Joe Brancatelli offers mostly sound frequent flyer advice but has a real soft spot for revenue-based frequent flyer programs that seems undeserved.
When Delta Air Lines announced plans to reward miles based on dollars spent, not the number of miles flown, critics immediately decided that so-called “revenue-based” plans were bad for business travelers. The cries got louder when United Airlines mimicked Delta and adopted the same strategy.
Unfortunately, the complaints conflated two unrelated factors. Delta and United consciously used the switch to revenue-based accrual to mask devaluations of their programs’ total value. Revenue plans, by nature, should be better for business travelers because they recognize that we spend more than leisure travelers.
…In the longer term, the smartest airlines and hotels will reward our superior revenue contribution with superior rewards. We should be ready to move our business to those companies.
Joe thinks that revenue-based frequent flyer programs should be guide for business travelers who spend more than leisure travelers. As though it’s a coincidence that Delta’s and United’s move to being revenue-based next year also reduces value overall.
Now, granted, United just copied what Delta did. And Delta thinks it is attractive enough in the current environment that it doesn’t need to be especially rewarding in order to fill incremental seats. They may be right. But don’t get confused by the “revenue-based programs are more rewarding than mileage-based ones for customers who spend more eeme. We simply are not seeing that.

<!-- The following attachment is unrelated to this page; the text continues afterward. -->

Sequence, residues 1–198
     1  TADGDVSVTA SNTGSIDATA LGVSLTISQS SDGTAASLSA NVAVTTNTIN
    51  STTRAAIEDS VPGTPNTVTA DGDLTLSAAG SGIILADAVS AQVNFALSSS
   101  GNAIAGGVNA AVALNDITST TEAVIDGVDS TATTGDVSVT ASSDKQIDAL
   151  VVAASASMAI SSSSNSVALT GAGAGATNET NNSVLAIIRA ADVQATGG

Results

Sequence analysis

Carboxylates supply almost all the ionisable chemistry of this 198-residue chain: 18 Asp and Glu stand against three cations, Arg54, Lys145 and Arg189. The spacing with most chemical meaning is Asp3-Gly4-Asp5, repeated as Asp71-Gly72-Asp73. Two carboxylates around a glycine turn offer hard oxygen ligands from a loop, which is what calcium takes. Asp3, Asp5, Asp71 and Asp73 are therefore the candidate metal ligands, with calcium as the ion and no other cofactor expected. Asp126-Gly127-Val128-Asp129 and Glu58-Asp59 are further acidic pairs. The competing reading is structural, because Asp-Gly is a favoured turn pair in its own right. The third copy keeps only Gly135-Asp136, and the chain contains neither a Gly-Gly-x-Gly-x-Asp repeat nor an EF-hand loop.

United and Delta have both suggested that they are going to give out just as many miles next year. But they set the “break-even” point where flyers will earn as many miles next year as they do under the current program at 20 cents per mile flown. Since their actual revenue per seat is only about 75% of that, the math doesn’t work.
Furthermore, the customer spending more money doesn’t always deserve to be rewarded with more miles. In many cases the lower revenue flyer is the more profitable one to incentivize through the loyalty program.
There’s also a meme that customers who don’t fly much will benefit — fewer miles earned via flying, miles from other sources don’t pull back, those credit card miles face less competition. At best that’s only true if you believe:
- that new award pricing represents a good value — how quickly we capitalize Delta’s and United’s big devaluations
- that availability will stay the same or get better — and there are reasons to think that with Delta, at least, that will not hold for partner awards.
Remember, these programs are huge money makers now. There’s no desperate need to up-end them.
We shouldn’t just accept the changes. Making our own travel decisions wisely, based on how well treated we are and how well rewarded for our business, makes sense — and is exactly what has influenced these decisions by programs in the past.
Delta took a risk with their new program. United is managing by doing what Delta does. It could well work out for Delta, but don’t just throw up your arms. Even if you think another airline could follow suit doesn’t mean you should not fly the other airline while they are more rewarding. And if you do, that’s exactly how you’ll incentivize their continuing to be more rewarding.
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